You don’t consider yourself the forgetful type, yet somehow you can’t seem to find your smartphone on a daily basis.
It’s not unusual to misplace your car keys or reading glasses (which are on your head). And wasn’t your wallet on the kitchen counter a moment ago?
OK, so maybe you’ve had a lot on your mind, these days. After all, we’re still grappling with a global pandemic and not quite out of the woods yet.
The good news, however, is technology can help you find your stuff. From tiny trackers and handy apps to personal assistants that can lend a helping hand, today’s software and hardware might be all you need to locate everything from your car in a crowded mall parking lot to the TV remote stuck between sofa cushions.
And finally, there's some help out there for finding your lost prescription eyeglasses when you've already confirmed they're not on your head. The bad news: They're currently sold out as of this writing and they only fit on frames with thick temple arms (think Ray-Ban Wayfarers).
Here are other products and apps the forgetful should not be without:
Wouldn’t it be great if you could attach a teeny thingamajig to all your things? If you couldn’t find something, you simply could open an app or use your voice to see where it is.
While Apple just launched its own AirTags, the Tile family of trackers has been around for a few years and is best known. Attach the square Tile Mate ($19 each or $60 for a package of four) onto everyday items such as house keys, a purse, suitcase, briefcase, or wallet.
If you can’t find something, open the app and tap the name of the item, such as “Marc’s keys” or “Kellie’s purse.” The Tile will ring loudly up to 200 feet away and show you the item’s last known location on a map.
On the flip side, if you can’t find your phone, double-press an activated Tile Mate to make your lost phone ring – even if you’ve set it to silent.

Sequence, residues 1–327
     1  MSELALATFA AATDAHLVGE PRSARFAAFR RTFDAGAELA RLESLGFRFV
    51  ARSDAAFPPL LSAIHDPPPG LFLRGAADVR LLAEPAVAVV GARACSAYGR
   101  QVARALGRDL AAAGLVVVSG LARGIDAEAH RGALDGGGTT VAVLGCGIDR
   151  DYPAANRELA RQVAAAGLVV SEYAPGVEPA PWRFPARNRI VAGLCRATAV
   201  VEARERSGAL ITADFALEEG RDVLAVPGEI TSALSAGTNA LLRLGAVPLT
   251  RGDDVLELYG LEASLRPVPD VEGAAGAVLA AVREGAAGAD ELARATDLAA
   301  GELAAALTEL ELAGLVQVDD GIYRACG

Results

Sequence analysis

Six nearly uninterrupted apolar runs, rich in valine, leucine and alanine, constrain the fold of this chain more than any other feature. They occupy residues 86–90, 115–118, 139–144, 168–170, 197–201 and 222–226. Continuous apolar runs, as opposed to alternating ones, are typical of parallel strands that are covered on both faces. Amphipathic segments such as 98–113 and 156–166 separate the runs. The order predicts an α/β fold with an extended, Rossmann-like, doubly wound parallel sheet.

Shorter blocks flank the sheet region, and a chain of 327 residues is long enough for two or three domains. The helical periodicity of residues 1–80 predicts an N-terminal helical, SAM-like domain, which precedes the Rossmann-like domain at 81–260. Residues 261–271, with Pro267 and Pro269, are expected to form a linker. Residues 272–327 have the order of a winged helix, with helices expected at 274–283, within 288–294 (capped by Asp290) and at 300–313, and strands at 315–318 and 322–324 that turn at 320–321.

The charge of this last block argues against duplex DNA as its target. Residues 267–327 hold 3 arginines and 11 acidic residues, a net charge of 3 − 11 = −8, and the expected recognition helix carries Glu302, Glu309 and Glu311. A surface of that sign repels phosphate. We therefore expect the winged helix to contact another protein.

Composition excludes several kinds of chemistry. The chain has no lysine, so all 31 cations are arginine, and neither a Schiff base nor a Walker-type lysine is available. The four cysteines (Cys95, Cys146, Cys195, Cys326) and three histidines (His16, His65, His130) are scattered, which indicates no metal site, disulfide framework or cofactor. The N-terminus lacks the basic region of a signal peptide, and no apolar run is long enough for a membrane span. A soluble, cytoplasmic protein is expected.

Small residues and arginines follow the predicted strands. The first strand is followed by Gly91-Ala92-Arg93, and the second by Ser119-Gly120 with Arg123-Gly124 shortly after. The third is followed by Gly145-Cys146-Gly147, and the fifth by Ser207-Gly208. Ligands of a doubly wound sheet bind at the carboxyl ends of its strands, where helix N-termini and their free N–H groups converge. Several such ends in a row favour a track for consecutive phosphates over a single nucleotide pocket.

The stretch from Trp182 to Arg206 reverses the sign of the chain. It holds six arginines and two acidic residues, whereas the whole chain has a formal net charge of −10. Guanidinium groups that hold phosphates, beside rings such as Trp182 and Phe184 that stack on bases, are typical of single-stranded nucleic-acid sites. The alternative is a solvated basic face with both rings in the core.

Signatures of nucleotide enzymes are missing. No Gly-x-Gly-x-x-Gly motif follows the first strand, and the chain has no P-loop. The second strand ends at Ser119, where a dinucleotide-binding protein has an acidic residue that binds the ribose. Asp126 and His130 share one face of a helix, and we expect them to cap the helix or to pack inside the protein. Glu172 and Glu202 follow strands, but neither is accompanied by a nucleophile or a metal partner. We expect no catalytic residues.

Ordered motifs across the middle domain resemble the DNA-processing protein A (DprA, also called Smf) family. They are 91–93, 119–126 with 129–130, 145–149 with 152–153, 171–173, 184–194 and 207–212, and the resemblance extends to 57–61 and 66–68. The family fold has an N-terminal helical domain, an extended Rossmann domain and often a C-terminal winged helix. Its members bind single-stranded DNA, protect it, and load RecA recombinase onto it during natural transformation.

Available in several colors, the Tile Pro models ($30 each, $60 for two, or $100 for a four-pack) also use Bluetooth, are more durable and have a range of up to 400 feet.
The newest members of the family are Tile Sticker ($40 for 2 or $60 for a package of four), which are much smaller, waterproof, adhesive-backed trackers that work up to 150 feet -- ideal to affix on the back of a TV remote – while Tile Slim ($25) is a thin credit card-shaped tracker to slip into luggage tags, wallets and other hidden spots. It works up to 200 feet away.
While your odds of finding lost stuff drop considerably if it’s outside the house – as the technology relies on Bluetooth – the network of Tile owners can be leveraged to help. Once an item is marked as lost, if any opt-in member spots the missing item, the owner can be automatically notified of its location.
Similar to Tile, Apple launched its circular AirTags last month ($29 for one or $99 for four). Along with Bluetooth, Apple’s solution also utilizes UWB (ultra-wideband) technology to help find missing items, which operate on higher frequencies and offers better spatial and directional data, for “precision tracking. UWB is available on smartphones including iPhone 11, and iPhone 12. These tags also work with the Find My app, and support Siri voice activation.
As a downside, there is no direct way to attach Apple’s trackers to an item unless you pick up an accessory.
Other trackers, such as the Nutale Focus Smart Tracker ($20) and Samsung's SmartTag tracker ($30), also use cellular connectivity to locate items outside the home. it's only compatible with Samsung's Galaxy phones running Android 8.0 or later.
For pets, you might opt for a GPS-based solution, such as the Findster Duo+ ($149), a real-time dog or cat tracker that shows your distance from your pet. In fact, you can add an invisible “geo-fence” around your home, so you’ll be notified immediately on your smartphone if your pets leave that space. There are no monthly fees.